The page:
However, RBI is confident of India weathering this macro crisis in FY23. GDP estimates were lowered by 60 bps to 7.2% while inflation projections were raised by 120 bps to 5.7%. Both could get worse before it gets better. However, record agricultural output at 328 million tonnes in FY23 could solve a lot of problems. Despite rising input costs, capacity utilization levels are on the rise India. Meanwhile, the government and RBI are already fighting inflation with a combination of monetary and fiscal measures.

What to read from the RBI data charts?

The table compares key FY22 macro data with FY21 and FY20. Here FY20 is critical as it shows the pre-COVID period. In addition, these numbers are also compared with the 5 year period prior to the global financial crisis (GFC) i.e. FY2004 to FY2008. This is juxtaposed with data for 5 years post the GFC viz. FY2010 to FY2014.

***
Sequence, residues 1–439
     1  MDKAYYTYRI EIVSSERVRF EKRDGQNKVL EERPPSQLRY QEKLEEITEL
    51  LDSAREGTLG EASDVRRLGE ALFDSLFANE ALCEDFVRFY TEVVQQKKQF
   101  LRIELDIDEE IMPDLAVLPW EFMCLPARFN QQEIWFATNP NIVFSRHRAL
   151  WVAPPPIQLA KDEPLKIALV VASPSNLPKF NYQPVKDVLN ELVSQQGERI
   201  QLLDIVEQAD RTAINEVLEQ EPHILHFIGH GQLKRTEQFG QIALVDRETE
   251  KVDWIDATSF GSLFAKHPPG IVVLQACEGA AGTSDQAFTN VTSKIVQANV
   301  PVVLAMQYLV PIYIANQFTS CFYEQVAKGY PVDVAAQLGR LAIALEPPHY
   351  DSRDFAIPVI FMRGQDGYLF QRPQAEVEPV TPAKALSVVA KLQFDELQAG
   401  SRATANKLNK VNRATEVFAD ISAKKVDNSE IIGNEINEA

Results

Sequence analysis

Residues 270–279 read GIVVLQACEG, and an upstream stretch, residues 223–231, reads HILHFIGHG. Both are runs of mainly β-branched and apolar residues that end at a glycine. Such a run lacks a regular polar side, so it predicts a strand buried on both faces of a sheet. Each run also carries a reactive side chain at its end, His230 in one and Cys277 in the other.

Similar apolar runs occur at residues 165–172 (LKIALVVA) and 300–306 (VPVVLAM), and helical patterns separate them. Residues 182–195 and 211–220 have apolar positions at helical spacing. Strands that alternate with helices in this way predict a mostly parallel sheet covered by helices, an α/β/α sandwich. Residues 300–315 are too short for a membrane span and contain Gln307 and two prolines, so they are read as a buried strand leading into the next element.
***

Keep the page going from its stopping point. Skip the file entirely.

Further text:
Macro FY22 FY21 FY20 FY04-FY08 FY10-FY14
GDP growth 8.9% -6.6% 3.7% 7.9% 6.7%
Foodgrain (MT) 314.5 308.7 297.5 213.6 248.8
Food Stocks (MT) 74.0 78.0 74.0 18.6 50.1
IIP Growth 11.3% -8.4% -0.3% 9.3% 3.5%
Core Sector 10.4% -6.4% 0.4% 5.9% 5.8%
WPI Inflation 13.0% 1.3% 1.7% 5.5% 7.1%
Central Fiscal Deficit 6.7% 9.2% 4.7% 3.7% 5.4%
Export Growth 51.8% -7.5% -5.0% 25.3% 12.2%
USD – INR 75.8 73.5 75.4 43.1 51.1

Data Source: RBI Annual Report

Let us look at some of the positives emerging from the data. Over the last 20 years what really improved is the food grain production and food stocks. That gives more leverage to manage food supply chains better. Merchandise export growth has been the other big positive with the trade in goods and services now accounting for 45% of GDP.

GDP, IIP and core sector growth are looking attractive in FY22, but that is more due to a negative base. FY23 will give a clearer picture. But the data point that best captures the macro challenge of today is WPI inflation which is way above the 20-year average. Addressing supply chain issues will define India in FY23.